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Virginia City (Montana)

Every place has an essence of its own, each building has a story to tell, and all the roads have witnessed history come into action. The modern-day ghost town of Virginia City is the perfect place for those who like to dwell in the unknown.

Virginia City in Madison County, southwestern Montana, U.S. has been designated a National Historic Landmark District. The town, home to 207 people (2019), is rich in its history and culture.

Referring to Virginia City as a ghost town is a mischaracterization, considering that the city is alive with tourists. The city is an extraordinary example of the well-preserved history of the mining camps of America.

Not only is it an attraction for those who love adventure, but Virginia City also holds charisma for artists, historians, and people who like the different.

This city has the most fascinating stories among all the southwestern towns in Montana. Transitioning from the gold-rush days of Montana to becoming a ghost town, Virginia City has an ancient demeanor that snatches attention and demands respect.


The discovery of gold in Alder Gulch gave birth to Virginia City in 1863. The prospectors who stumbled upon the gold deposit failed to keep things secret, and this gold-bearing land attracted the attention of authorities and miners alike.

Therefore, mining grounds were created for proper regulation. Moreover, a mile south of these fields, a town was erected. The intended name of the town was Verina, in honor of the First Lady of the Confederate States of America.

On June 16, 1863, when the town name was in the process of registration, a Connecticut judge who ultimatley named the town “Virginia City” rejected the name “Verina.”

The town became a metropolis and became a home to thousands of miners and feverish fortune hunters. Concerning its prime locality, Virginia City went on to become the territorial capital of Montana in 1865 as the town gathered most of Montana’s population.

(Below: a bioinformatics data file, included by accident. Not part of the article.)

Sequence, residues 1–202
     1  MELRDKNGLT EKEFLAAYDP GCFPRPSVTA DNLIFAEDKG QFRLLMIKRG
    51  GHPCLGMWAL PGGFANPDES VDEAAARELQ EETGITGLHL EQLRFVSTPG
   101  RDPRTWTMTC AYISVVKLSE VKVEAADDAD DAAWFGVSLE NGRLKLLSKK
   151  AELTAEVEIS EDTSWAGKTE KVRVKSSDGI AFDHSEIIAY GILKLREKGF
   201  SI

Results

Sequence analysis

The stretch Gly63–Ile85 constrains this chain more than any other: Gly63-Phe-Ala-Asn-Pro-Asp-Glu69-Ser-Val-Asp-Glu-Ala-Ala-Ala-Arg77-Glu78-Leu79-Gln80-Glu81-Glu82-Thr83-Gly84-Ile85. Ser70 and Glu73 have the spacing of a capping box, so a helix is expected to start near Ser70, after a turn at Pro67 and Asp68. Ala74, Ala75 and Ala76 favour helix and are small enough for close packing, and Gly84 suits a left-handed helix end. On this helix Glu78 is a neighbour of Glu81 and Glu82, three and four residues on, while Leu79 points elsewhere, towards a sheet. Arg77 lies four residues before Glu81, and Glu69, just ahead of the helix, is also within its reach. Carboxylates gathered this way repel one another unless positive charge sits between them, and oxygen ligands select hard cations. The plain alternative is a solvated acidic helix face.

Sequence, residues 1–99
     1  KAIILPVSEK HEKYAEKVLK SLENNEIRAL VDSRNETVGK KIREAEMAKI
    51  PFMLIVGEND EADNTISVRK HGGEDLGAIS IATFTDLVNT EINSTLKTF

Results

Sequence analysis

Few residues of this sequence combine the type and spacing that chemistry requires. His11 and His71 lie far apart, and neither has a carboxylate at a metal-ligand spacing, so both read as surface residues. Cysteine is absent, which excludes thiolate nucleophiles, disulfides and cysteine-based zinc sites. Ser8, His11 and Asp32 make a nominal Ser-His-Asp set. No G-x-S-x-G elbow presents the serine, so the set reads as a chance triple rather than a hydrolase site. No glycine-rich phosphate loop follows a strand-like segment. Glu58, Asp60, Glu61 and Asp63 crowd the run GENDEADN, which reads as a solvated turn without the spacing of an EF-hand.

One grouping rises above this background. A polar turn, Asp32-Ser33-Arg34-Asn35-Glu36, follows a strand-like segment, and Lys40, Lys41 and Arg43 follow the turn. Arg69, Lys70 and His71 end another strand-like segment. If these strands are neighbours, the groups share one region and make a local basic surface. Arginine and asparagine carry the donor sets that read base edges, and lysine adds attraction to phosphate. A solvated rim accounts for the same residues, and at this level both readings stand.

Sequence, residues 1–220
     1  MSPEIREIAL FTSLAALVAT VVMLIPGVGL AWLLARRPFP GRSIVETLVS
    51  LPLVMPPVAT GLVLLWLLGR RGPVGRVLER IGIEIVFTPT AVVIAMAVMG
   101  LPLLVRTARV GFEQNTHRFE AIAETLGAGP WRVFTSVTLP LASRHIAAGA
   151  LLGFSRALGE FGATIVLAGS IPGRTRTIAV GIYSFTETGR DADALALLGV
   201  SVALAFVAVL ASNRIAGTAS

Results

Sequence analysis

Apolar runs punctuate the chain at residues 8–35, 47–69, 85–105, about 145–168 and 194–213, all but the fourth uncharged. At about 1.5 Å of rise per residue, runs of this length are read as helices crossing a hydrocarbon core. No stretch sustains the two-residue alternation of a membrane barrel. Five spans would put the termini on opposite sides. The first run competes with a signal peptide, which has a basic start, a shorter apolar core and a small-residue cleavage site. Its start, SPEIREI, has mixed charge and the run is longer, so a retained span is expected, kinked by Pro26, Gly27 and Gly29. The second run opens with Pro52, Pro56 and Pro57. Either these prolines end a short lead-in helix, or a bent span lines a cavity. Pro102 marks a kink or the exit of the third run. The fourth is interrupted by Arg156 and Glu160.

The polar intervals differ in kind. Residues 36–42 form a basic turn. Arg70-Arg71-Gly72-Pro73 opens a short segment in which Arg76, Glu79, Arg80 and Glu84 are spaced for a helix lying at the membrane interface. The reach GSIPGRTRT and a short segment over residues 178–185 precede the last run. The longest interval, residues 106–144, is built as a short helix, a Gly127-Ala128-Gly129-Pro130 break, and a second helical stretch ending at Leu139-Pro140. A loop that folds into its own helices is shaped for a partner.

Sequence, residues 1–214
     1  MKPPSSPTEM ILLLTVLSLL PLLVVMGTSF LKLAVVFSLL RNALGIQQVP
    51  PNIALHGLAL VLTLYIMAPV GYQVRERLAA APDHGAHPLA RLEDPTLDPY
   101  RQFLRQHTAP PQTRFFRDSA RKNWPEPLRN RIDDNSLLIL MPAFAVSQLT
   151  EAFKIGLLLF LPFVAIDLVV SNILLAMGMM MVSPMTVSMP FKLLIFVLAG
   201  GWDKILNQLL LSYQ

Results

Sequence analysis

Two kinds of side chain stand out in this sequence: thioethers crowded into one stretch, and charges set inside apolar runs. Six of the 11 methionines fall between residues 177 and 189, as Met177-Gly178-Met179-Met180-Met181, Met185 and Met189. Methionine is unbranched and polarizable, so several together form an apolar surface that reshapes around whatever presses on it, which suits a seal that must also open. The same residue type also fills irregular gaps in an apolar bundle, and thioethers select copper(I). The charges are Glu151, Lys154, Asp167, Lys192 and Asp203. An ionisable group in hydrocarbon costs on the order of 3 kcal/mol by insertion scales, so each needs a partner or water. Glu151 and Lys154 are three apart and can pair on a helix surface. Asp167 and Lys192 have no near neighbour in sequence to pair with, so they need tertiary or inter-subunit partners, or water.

In its early days, the city had no law, no justice system or security, thus Virginia City became a prime area for criminal activity. Between the years 1863 and 1864, roughly 100 murders and numerous robberies took place at the hands of road agents (outlaws).

The potential amount of wealth, lawlessness, and lack of accountability aided in this unlawful behavior.

As a consequence, the Vigilance committee came into being. The Vigilantes imposed effective measures that demanded justice – they were quick in scouting and hanging 24 suspects within four months.

In its early days, the community thrived. The city grew immensely in wealth and cultural refinement. However, with time, the ‘easy’ gold was consummated. With its end, obscurity befell the ghost town and it remained just a shadow of its past glory.

Although its gold mines are no longer productive, it is still a live, accessible, and preserved way of glimpsing into the past – the days when the city was alive and thriving.

Present Day Virginia City—Its Preservation

In the 1940s, when the town had lost its glamour and all the miners and fortune seekers had moved on to their next target, Charles and Sue Bovey took up the task of buying and restoring the buildings of Virginia City.

The couple raised money for the city’s preservations and gathered historic artifacts. By the late 1970s, the Bovey’s owned more than one-third of the town that they ran as an open-air museum from days gone by.